On Interjecting Illusionism Ingeniously

So are the ways we can use Illusionism in our game without invalidating the agency of the players?

This is a crucial issue, so let's revisit the original definition of Agency as a refresher.

Player Agency (n.): “the feeling of empowerment that comes from being able to take actions in the [virtual] world whose effects relate to the player’s intention” -Mateas, 2001

So, everything you do as a Dungeon Master is valid for empowered except for one very special case.

Are you taking an action that invalidates the players expectation of the result of their action?

That is what each of the many techniques in the Quantum Ogre series revolve around.

  • Explaining the consequences of action
  • Letting the players know about the effects of their choices
  • Reminding the player of what they might have forgotten, so that their expectations are rational
  • Not shutting them down by saying no, but instead letting them know what to do to achieve their intention
  • Giving them warning of dangers ahead of time
Know that the answer to that question is not a simple, objective, clear-cut answer. It is one of emotion. Does the player feel invalidated? Do they feel railroaded? This is why so many of the solutions provided involve not hiding information, and reducing that information gap necessary for illusionism, instead of taking advantage of it.


Let go of any preconceived notions about how things should play out. 

There is no flaw in a general course set for the campaign, but if the sequence of events isn't in doubt, then players aren't necessary. The organic creation is going to be more innately satisfying to the players, and provide greater opportunity to you.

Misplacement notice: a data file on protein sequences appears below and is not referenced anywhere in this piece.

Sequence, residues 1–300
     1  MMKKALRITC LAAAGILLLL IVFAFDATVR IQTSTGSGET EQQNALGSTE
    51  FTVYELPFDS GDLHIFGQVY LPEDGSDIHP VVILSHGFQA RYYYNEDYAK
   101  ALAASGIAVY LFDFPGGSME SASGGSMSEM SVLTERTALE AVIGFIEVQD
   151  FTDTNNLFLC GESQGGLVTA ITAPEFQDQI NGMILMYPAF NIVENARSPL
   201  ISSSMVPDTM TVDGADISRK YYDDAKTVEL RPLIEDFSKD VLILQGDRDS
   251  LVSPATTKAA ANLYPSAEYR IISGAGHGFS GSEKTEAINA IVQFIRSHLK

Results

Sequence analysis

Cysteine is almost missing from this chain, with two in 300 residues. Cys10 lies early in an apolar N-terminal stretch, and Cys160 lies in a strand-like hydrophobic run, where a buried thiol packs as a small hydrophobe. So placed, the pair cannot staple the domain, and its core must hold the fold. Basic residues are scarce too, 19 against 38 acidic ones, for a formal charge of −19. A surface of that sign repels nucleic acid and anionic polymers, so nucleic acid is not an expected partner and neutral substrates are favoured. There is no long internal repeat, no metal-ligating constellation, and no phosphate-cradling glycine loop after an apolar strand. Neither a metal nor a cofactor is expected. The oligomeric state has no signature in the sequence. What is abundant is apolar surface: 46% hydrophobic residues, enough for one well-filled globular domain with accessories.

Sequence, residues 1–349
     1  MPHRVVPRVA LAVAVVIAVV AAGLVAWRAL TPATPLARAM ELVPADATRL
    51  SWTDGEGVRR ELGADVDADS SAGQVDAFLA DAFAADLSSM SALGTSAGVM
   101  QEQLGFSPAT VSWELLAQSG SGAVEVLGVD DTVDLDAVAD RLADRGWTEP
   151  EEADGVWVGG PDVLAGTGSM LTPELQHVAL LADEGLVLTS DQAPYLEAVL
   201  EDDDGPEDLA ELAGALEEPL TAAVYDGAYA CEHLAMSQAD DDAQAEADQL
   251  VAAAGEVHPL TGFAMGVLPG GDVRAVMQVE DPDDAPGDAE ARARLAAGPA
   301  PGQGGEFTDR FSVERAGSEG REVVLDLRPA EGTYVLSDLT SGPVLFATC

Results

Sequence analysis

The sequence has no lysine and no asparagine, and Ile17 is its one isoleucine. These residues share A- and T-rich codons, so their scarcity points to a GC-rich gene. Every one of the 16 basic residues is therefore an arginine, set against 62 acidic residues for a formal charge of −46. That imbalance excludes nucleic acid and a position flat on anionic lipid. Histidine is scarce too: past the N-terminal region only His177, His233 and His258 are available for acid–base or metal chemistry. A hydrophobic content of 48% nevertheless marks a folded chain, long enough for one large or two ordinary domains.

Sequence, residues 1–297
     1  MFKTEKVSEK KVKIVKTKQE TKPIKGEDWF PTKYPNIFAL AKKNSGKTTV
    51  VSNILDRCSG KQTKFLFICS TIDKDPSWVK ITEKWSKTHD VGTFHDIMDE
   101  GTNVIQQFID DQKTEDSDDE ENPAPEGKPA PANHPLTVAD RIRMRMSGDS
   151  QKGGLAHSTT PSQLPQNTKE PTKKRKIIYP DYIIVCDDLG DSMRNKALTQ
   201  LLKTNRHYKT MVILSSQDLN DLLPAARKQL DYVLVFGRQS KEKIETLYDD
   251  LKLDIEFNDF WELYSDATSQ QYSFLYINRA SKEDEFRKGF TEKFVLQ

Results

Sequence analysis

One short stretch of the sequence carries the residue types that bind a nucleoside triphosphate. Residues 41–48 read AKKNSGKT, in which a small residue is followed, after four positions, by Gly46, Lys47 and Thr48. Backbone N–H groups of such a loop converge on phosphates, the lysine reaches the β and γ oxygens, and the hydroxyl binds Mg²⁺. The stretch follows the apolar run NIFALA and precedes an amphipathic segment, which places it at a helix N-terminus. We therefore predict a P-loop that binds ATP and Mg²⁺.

Look, here's a secret. You're the Dungeon Master. You can make anything happen, anywhere, that isn't in the vicinity of the players, however you want. You can even achieve your outcome without invalidating their choices, depending on how you approach it.

Deciding certain things have to happen a certain way in play and then using blunt, clumsy, techniques to make it happen is just poor technique and style.

Figure out how to make what happens awesome, instead of how to make an awesome thing happen.

This is the correct stance of Flexible Progression.

Vet or clear the basic premise before the game begins. 

"You guys are going to be travelling around with an ancient good lich, who acts as your mentor or teacher, does that sound cool?"

You know, I'm running a story focused campaign right now. I said, "can we do Spelljammer?" Everyone said yes. Then I ran the campaign as normal, starting in a village, with a festival. They kept expecting me to shove the kicker down their throat, which caused them to second guess themselves the whole time. When they finally found the ship, they were motivated both in-game and out to take it, of their own free will.

This is addressing the question directly. By doing so, they explicitly make a choice who's effects are respected.

Foreshadow events.